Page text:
17 “See, I will create new heavens and a new earth. The former things will not be remembered, nor will they come to mind. 18 But be glad and rejoice forever in what I will create, for I will create Jerusalem to be a delight and its people a joy. 19 I will rejoice over Jerusalem and take delight in my people; the sound of weeping and of crying will be heard in it no more.
20 “Never again will there be in it an infant who lives but a few days, or an old man who does not live out his years; the one who dies at a hundred will be thought a mere child; the one who fails to reach a hundred will be considered accursed.
21 They will build houses and dwell in them; they will plant vineyards and eat their fruit. 22 No longer will they build houses and others live in them, or plant and others eat. For as the days of a tree, so will be the days of my people; my chosen ones will long enjoy the work of their hands. 23 They will not labor in vain, nor will they bear children doomed to misfortune; for they will be a people blessed by the Lord, they and their descendants with them. 24 Before they call I will answer; while they are still speaking I will hear.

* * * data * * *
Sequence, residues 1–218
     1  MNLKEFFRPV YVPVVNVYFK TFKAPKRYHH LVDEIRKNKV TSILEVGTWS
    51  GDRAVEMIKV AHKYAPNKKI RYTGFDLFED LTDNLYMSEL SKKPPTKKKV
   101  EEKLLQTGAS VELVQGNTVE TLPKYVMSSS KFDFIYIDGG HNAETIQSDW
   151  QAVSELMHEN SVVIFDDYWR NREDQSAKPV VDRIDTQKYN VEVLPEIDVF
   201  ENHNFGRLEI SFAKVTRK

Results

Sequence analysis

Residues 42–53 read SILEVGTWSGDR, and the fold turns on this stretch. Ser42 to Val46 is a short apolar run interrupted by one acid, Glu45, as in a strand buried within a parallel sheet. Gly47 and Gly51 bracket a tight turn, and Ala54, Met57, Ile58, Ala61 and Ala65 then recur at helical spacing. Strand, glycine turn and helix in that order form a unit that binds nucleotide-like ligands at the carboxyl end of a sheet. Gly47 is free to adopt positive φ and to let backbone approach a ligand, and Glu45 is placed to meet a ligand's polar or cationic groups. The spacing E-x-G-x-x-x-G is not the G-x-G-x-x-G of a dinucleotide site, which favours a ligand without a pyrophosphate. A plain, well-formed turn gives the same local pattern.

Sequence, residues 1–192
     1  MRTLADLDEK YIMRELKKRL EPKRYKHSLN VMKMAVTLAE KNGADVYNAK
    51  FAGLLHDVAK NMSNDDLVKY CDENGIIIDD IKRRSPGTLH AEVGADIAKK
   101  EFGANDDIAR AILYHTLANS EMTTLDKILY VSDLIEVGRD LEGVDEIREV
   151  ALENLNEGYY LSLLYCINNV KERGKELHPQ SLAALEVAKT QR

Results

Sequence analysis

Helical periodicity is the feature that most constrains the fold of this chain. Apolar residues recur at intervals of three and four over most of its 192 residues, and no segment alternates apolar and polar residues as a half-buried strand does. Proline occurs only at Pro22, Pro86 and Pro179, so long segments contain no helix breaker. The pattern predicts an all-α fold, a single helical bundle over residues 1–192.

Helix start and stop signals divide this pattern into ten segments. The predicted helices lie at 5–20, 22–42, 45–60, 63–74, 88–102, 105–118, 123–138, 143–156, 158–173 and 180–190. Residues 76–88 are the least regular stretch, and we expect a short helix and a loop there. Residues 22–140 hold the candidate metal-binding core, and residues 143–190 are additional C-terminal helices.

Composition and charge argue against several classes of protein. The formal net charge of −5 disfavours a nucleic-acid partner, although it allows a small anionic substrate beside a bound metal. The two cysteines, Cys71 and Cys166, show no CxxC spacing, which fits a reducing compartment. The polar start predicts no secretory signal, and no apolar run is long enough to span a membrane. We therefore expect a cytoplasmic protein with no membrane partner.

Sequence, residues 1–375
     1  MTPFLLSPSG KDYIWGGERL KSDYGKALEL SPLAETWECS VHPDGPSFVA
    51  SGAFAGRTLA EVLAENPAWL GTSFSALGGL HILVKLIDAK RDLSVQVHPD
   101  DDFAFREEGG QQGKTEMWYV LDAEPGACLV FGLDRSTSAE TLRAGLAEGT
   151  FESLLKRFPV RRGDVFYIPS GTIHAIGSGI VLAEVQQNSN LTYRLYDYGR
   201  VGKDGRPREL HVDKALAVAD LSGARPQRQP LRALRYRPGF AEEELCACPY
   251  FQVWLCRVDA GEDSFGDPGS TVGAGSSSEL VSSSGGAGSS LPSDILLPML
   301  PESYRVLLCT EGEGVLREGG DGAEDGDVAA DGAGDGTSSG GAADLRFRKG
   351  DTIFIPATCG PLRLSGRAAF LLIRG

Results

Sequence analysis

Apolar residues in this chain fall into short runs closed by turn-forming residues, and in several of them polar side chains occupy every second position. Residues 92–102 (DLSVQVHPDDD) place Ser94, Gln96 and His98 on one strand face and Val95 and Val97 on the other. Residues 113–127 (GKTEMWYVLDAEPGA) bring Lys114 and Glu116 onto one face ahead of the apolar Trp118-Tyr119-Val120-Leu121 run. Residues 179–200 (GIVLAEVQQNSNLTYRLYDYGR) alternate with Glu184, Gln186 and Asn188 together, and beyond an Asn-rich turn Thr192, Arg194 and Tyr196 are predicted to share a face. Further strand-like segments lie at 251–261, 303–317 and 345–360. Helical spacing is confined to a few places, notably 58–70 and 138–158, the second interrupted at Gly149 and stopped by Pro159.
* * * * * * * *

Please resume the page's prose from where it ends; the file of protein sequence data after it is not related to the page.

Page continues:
25 The wolf and the lamb will feed together, and the lion will eat straw like the ox, and dust will be the serpent’s food. They will neither harm nor destroy on all my holy mountain,” says the Lord.

At the end of Isaiah’s prophecies we find this vision of the goal to which all of history is moving: New heavens and earth, with evil eradicated. It appears to me that Isaiah is not describing the time beyond Time, but something that he anticipated within human history. All will live to a full age, with perfect justice and peace for people, the Land, and all who live in it (including the animals). People will still bear children and die (at a full age), but life will be as God intended it to be.